Self Employed & Pregnant? Let's talk Maternity Allowance.

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I'd just like to start this post by saying I AM NOT PREGNANT. I am however self employed and was, when pregnant with my little boy Arthur back in 2015. When you're pregnant there are a million things that go through your head and I'm guessing one of the most common worries for many of us, is money.

I have to admit, I'd never really thought about what I was going to do money-wise if I had a baby because it wasn't something I could see happening any time soon. Then, of course I got pregnant and had to start looking into it all and that's when I came across Maternity Allowance! It's something that really helped me as a single, self-employed new mummy and so I wanted to share a little information about it for any one who is perhaps in a similar situation and evaluating their financial options.

What is Maternity Allowance?

Basically, Maternity Allowance is something you can claim if you are self employed and pay Class 2 National Insurance. You may also be eligible for it if you're employed but don't qualify for statutory maternity pay. Those self employed must have been so for at least twenty six weeks in the sixty six week period before their baby is due and earning £30 or more for at least 13 weeks (side note: these 13 weeks do not have to be consecutive.)

I think HMRC will give you chance to catch up on your Class 2 National Insurance if you are behind with your payments or they are incomplete. It's worth contacting them about this to find out for sure.

How much Maternity Allowance do you get?

As with most things, the amount of money you will receive in maternity allowance all depends on your circumstances and the money you earn. Providing you have paid Class 2 National Insurance, you'll usually either get £145.18 a week or 90% of your average weekly earnings for 39 weeks - depending on which is less.

The money can be paid into your bank account every fortnight or every four weeks, depending on your personal preference. I think I had my Maternity Allowance (£145.18 per week) paid fortnightly as this suited me better.

Is Maternity Allowance easy to apply for?

If you want to apply for Maternity Allowance as a Self Employed worker, you'll need to fill out a form and can do so any time after you are 26 weeks pregnant. The form is called an MA1 (available on the GOV.UK website) and you can either print it off, fill it in and post it or fill it in online.

Providing you have proof of your income (e.g. Self Assessment Tax Return) and proof of your baby's due date (this could be a letter from your midwife or a MATB1 certificate) then you should find applying for Maternity Allowance pretty straightforward. Your midwife should know what the MATB1 certificate is, as it's a document that is use to verify your pregnancy and confirm the due date.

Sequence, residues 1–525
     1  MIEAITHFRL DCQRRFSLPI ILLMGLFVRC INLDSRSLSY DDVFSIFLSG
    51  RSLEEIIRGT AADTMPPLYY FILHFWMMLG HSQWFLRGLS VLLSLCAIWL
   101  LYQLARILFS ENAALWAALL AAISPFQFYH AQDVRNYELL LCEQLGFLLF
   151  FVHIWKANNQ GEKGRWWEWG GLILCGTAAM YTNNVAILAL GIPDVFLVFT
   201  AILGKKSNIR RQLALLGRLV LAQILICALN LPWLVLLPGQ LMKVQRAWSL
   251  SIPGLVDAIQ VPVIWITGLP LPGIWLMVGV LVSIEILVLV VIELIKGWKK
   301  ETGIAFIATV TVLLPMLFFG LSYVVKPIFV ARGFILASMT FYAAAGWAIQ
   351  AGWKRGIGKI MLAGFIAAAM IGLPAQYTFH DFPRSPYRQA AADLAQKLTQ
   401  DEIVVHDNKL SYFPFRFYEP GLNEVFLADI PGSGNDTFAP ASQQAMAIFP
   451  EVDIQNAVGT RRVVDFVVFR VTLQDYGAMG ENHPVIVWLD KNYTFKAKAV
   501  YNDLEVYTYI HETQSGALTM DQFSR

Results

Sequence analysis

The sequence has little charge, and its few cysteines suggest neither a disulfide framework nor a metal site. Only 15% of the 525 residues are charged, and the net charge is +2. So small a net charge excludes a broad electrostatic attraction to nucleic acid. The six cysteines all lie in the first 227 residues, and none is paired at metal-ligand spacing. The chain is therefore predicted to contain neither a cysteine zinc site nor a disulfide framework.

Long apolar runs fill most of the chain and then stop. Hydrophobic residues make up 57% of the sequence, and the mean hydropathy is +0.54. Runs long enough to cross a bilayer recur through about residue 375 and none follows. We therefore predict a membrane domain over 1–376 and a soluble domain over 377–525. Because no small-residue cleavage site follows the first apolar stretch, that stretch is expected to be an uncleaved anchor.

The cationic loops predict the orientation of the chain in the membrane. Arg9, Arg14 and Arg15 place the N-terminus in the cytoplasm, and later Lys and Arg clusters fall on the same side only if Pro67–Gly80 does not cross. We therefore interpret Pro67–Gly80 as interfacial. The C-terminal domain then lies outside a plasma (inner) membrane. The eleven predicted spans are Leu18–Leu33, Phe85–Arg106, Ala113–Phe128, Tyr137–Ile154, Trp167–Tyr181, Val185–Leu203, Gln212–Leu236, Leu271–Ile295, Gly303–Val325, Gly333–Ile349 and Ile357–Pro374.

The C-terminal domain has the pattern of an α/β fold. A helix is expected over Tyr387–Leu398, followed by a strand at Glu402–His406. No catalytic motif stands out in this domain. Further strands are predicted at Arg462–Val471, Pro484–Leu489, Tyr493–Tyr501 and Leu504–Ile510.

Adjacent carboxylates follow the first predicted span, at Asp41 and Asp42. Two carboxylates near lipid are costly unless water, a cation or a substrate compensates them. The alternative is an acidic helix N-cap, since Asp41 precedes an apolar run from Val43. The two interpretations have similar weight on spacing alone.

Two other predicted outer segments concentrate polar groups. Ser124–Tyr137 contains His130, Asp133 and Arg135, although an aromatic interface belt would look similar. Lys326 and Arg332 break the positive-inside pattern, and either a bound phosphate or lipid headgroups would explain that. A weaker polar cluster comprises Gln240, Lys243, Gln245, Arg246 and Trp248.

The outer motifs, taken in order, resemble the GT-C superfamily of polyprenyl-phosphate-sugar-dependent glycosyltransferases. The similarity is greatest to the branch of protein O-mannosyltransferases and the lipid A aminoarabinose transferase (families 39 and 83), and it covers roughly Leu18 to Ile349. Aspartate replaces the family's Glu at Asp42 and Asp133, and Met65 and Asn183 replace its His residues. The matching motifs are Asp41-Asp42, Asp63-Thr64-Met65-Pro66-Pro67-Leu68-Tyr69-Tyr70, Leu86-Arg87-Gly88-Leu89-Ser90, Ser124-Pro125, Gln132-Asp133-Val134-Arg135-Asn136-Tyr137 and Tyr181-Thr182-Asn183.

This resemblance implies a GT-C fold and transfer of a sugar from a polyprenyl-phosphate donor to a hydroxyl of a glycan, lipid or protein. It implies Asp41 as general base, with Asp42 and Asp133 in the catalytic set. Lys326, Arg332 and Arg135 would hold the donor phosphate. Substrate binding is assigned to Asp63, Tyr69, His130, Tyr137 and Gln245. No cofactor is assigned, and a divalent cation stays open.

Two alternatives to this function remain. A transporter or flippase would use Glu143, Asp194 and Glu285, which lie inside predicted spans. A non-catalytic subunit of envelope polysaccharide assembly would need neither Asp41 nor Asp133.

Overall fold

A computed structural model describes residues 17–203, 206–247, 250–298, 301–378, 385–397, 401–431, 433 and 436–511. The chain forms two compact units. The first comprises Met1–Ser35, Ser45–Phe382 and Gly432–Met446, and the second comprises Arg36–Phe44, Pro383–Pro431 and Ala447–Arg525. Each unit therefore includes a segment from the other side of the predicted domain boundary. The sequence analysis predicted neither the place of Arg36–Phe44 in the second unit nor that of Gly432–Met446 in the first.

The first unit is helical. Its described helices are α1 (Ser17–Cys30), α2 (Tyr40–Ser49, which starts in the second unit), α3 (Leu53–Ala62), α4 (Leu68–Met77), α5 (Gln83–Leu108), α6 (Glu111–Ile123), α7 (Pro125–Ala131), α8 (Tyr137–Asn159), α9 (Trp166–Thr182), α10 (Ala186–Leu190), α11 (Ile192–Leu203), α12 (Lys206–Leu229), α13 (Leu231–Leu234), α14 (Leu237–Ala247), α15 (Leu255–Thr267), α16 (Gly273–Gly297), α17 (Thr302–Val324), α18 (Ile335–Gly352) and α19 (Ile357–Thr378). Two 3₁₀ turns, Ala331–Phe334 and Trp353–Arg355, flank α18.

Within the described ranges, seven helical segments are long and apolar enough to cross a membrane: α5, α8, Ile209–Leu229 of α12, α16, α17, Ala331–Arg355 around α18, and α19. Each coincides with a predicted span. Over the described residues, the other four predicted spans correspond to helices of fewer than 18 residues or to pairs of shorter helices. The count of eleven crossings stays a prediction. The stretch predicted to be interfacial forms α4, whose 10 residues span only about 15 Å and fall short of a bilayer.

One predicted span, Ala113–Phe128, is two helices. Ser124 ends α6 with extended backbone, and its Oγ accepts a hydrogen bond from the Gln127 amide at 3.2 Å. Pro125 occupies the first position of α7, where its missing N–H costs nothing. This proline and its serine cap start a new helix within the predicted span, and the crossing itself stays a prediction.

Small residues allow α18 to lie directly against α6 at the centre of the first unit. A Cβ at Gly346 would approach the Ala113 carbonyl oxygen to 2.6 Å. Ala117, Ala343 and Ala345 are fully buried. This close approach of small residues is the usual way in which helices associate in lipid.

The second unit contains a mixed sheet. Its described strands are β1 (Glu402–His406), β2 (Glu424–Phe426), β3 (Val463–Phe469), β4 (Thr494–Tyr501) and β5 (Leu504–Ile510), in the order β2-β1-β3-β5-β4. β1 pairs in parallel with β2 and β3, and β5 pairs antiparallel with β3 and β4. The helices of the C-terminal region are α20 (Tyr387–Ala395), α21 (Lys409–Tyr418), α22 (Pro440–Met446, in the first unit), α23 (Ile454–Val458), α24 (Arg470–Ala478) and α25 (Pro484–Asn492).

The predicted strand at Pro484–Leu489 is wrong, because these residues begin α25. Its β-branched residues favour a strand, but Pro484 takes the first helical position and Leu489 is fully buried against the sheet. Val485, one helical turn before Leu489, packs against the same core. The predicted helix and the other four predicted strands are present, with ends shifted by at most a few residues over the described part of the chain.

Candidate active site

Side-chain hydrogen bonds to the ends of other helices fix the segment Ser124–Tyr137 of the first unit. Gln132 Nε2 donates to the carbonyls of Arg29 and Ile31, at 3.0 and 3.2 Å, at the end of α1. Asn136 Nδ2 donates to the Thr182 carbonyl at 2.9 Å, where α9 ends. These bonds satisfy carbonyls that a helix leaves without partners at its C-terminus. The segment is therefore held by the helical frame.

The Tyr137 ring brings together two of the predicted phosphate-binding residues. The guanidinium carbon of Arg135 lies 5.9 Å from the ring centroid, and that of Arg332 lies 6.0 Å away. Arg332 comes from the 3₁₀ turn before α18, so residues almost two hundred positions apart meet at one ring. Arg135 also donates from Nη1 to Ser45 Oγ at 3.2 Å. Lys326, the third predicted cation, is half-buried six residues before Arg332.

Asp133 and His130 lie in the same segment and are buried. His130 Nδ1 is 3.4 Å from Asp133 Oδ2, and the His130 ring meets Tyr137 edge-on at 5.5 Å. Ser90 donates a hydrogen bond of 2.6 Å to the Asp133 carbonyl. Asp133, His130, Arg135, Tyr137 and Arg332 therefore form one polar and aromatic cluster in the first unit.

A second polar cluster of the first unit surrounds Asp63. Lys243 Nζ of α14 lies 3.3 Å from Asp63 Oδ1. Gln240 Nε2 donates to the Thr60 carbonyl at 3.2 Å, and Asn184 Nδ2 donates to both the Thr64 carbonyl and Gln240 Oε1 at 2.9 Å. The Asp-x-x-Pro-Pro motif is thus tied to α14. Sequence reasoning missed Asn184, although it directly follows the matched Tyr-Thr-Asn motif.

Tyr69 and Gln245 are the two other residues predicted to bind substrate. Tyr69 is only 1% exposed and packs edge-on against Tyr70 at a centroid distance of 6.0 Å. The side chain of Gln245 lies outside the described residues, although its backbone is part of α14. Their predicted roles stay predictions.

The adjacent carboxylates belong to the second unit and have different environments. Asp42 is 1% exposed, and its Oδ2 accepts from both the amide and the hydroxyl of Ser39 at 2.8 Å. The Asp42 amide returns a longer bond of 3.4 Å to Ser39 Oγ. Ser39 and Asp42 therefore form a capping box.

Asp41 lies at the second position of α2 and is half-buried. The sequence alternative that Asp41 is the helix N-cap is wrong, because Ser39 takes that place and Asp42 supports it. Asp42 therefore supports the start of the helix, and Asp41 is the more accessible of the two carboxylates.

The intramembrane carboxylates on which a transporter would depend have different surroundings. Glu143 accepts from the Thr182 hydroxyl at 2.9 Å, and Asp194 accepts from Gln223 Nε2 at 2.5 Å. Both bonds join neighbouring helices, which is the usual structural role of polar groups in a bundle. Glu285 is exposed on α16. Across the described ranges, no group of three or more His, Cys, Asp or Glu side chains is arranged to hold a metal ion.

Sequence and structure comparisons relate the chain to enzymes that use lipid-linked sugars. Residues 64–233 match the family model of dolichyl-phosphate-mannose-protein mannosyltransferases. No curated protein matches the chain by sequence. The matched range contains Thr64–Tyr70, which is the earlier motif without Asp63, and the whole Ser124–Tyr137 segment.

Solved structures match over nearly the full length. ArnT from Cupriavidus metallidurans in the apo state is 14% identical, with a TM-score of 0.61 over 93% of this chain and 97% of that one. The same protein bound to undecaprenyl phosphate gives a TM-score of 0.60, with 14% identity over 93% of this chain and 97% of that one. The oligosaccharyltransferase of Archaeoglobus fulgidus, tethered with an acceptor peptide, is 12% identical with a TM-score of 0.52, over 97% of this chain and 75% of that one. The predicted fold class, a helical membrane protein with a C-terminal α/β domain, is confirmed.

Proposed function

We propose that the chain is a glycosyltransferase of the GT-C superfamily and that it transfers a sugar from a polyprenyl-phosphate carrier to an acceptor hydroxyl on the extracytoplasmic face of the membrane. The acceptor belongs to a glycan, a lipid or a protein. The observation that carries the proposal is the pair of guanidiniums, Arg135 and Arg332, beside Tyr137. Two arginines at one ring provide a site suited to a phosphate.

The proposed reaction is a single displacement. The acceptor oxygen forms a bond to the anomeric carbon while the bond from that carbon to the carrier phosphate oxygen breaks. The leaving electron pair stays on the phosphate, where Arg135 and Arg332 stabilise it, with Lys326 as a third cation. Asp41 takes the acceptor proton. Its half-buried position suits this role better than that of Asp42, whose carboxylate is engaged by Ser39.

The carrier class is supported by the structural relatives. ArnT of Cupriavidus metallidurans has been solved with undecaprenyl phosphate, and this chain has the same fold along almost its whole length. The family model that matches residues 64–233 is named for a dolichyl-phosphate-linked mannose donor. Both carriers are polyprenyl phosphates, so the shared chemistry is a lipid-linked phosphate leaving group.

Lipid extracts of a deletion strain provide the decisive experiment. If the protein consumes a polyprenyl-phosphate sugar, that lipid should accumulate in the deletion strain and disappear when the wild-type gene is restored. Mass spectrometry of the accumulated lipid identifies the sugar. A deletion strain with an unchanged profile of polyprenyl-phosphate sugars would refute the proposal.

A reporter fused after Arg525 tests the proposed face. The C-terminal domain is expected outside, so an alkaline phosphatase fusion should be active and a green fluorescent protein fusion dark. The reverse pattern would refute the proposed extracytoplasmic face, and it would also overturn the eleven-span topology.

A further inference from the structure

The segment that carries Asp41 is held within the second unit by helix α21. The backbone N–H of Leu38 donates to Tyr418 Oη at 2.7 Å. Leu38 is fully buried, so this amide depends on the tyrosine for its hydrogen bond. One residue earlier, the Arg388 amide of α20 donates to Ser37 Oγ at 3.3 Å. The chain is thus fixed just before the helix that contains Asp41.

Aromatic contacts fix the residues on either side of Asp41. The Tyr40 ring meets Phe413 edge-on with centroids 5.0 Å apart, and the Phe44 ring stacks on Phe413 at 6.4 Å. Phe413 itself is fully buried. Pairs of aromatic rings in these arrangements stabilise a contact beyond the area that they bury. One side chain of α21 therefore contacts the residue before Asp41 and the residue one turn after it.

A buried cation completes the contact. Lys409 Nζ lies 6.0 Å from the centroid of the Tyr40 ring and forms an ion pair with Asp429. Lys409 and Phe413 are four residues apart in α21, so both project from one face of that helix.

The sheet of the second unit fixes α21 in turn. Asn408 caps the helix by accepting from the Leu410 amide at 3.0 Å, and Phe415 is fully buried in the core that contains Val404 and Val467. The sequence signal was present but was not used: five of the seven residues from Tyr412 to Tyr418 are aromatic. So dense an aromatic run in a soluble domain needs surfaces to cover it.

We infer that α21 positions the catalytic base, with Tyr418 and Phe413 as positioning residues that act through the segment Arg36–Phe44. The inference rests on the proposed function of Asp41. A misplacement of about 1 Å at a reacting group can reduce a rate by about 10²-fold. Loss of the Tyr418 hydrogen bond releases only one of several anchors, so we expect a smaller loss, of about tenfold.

You should get a letter with their decision to approve or reject your claim with twenty four days and if you are eligible you'll just have to confirm the last day you plan to work.

If you run into any problems or have any questions, then it's worth ringing the Maternity Allowance Contact Number for extra guidance. I'm simply speaking from my own experience and the information I found elsewhere online.

Do you have to apply for Maternity Allowance?

Maternity Allowance is optional. If you want to continue working in the 39 week period, then you will be unlikely to receive Maternity Allowance, as according to GOV.UK you are only entitled to work for 10 days on Maternity Allowance, which are called 'keeping in touch' days.

Any amount of work done on a single day, whether it is a couple of hours or a full day's work is counted a one of your ten KIT days. I don't think you have to provide any proof of earnings for these days but it's worth keeping track of the days you do work just in case. If you decide you want to work more, you can always cancel the remaining of your Maternity Allowance. It's worth using these days to check in on existing clients that have decided to stick around and ensure they know when you will be back working again.

Will Maternity Allowance benefit your family?

Maternity Allowance isn't a lot of money, so you may feel that you would rather work, however as a single parent (even with amazing support and help with Arthur from my parents), the idea of carrying on working as I had done before, or even just working part time after his birth, just wasn't possible for me. Of course, everyone's situation is different and you have simply got to do what is right for you and your family. I do believe Maternity Allowance is a huge help for those self employed, who wouldn't otherwise be able to earn money at the end of their pregnancy or in the weeks following their baby's birth. So it may be something you want to consider looking into yourself if you are pregnant and self employed.

Megan x
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